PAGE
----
Journal Article

Floral and Inflorescence Morphology and Ontogeny in <i>Beta vulgaris</i>, with Special Emphasis on the Ovary Position

Hilda Flores Olvera, Erik Smets and Alexander Vrijdaghs

in Annals of Botany

Published on behalf of The Annals of Botany Company

Volume 102, issue 4, pages 643-651
Published in print October 2008 | ISSN: 0305-7364
Published online August 2008 | e-ISSN: 1095-8290 | DOI: http://dx.doi.org/10.1093/aob/mcn140
Floral and Inflorescence Morphology and Ontogeny in Beta vulgaris, with Special Emphasis on the Ovary Position

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  • Ecology and Conservation
  • Evolutionary Biology
  • Plant Sciences and Forestry

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Background and Aims

In spite of recent phylogenetic analyses for the Chenopodiaceae–Amaranthaceae complex, some morphological characters are not unambiguously interpreted, which raises homology questions. Therefore, ontogenetic investigations, emphasizing on ‘bracteoles’ in Atripliceae and flowers in Chenopodioideae, were conducted. This first paper presents original ontogenetic observations in Beta vulgaris, which was chosen as a reference species for further comparative investigation because of its unclarified phylogenetic position and its flowers with a (semi-)inferior ovary, whereas all other Chenopodiaceae–Amaranthaceae have hypogynous flowers.

Methods

Inflorescences and flowers were examined using scanning electron microscopy and light microscopy.

Key Results

Floral development starts from an inflorescence unit primordium subtended by a lateral bract. This primordium develops into a determinate axis on which two opposite lateral flowers originate, each subtended by a bracteole. On a flower primordium, first five tepal primordia appear, followed by five opposite stamen primordia. Simultaneously, a convex floral apex appears, which differentiates into an annular ovary primordium with three stigma primordia, surrounding a central, single ovule. A floral tube, which raises the outer floral whorls, envelops the ovary, resulting in a semi-inferior ovary at mature stage. Similarly, a stamen tube is formed, raising the insertion points of the stamens, and forming a staminal ring, which does not contain stomata. During floral development, the calyces of the terminal flower and of one of the lateral flowers often fuse, forming a compound fruit structure.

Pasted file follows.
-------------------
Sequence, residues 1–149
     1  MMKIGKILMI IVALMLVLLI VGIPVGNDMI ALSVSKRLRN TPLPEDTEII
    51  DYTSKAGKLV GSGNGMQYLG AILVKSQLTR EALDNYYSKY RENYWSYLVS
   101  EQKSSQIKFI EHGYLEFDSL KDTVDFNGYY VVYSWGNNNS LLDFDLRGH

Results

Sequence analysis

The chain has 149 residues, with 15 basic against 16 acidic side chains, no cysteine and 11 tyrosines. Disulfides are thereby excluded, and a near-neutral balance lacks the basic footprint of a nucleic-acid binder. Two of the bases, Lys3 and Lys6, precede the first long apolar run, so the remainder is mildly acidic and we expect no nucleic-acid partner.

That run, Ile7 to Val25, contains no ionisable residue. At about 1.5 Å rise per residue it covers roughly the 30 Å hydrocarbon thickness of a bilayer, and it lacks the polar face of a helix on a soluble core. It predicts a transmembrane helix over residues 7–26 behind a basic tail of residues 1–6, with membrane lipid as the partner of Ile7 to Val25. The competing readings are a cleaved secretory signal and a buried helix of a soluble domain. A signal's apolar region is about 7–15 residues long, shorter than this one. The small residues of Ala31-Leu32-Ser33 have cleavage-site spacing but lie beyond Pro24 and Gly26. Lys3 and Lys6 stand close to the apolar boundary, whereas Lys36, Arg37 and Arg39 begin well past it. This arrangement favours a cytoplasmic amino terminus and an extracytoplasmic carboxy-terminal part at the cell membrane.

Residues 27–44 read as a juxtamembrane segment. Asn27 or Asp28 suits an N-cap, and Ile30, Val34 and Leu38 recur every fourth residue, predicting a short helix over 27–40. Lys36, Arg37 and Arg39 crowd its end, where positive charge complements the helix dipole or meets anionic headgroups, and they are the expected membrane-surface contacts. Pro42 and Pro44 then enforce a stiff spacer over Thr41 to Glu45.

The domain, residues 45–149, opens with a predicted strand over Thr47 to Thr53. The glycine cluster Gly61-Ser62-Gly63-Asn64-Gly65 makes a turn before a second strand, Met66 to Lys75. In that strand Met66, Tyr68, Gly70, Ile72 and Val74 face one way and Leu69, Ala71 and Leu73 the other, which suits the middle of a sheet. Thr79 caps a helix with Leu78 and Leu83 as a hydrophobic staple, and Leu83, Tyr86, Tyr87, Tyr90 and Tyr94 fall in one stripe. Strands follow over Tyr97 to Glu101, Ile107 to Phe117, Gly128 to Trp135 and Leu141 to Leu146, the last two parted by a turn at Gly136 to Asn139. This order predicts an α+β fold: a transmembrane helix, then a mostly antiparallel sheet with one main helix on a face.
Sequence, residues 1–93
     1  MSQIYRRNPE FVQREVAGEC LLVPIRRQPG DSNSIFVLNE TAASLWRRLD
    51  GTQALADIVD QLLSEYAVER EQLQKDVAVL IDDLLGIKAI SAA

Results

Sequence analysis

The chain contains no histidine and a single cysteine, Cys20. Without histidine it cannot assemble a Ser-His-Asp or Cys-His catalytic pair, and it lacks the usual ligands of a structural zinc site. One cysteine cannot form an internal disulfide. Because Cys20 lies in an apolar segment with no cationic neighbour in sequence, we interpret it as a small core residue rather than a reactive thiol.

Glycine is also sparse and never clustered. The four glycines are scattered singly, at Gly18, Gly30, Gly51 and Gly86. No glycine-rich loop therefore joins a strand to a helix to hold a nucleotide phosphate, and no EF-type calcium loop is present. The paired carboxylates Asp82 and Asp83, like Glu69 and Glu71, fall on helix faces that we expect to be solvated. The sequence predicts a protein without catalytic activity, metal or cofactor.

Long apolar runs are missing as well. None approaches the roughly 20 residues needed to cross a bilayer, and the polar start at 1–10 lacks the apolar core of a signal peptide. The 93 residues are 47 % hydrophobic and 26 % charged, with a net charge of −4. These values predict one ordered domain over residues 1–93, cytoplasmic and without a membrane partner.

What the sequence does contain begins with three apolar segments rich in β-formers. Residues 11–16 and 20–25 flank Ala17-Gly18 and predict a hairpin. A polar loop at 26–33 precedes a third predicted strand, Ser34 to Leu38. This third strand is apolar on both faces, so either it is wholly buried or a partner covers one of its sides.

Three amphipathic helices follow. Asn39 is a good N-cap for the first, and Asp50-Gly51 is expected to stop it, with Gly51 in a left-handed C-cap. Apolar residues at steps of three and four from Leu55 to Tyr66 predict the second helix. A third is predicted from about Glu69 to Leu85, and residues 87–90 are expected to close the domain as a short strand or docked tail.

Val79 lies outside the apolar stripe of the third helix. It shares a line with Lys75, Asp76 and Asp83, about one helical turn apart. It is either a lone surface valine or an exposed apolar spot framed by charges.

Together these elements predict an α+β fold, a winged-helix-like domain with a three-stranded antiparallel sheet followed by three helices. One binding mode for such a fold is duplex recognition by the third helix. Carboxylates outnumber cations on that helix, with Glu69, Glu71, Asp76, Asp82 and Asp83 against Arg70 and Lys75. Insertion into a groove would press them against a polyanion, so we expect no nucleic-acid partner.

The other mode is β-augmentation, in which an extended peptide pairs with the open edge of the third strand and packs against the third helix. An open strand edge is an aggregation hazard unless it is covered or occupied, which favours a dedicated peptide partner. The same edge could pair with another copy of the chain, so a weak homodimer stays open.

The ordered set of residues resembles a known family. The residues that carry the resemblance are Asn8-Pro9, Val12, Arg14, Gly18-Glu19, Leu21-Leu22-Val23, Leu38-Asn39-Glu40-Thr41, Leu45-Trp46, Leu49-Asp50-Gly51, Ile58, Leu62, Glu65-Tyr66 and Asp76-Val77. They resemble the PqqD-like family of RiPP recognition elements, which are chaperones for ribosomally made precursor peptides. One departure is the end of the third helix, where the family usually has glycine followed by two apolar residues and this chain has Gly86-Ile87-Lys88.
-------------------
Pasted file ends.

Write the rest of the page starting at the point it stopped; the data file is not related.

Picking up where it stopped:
Conclusions

In Beta vulgaris, the inflorescence is compound, consisting of an indeterminate main axis with many elementary dichasia as inflorescence units, of which the terminal flower and one lateral flower fuse at a later stage. Floral parts develop starting from the outer whorl towards the gynoecium. Because of the formation of an epigynous hypanthium, the ovary becomes semi-inferior in the course of floral development.

Keywords: Beta vulgaris; Chenopodiaceae; floral ontogeny; gynoecial development; epigynous hypanthium; semi-inferior ovary; inflorescence ontogeny; LM; SEM

Journal Article.  5127 words.  Illustrated.

Subjects: Ecology and Conservation ; Evolutionary Biology ; Plant Sciences and Forestry

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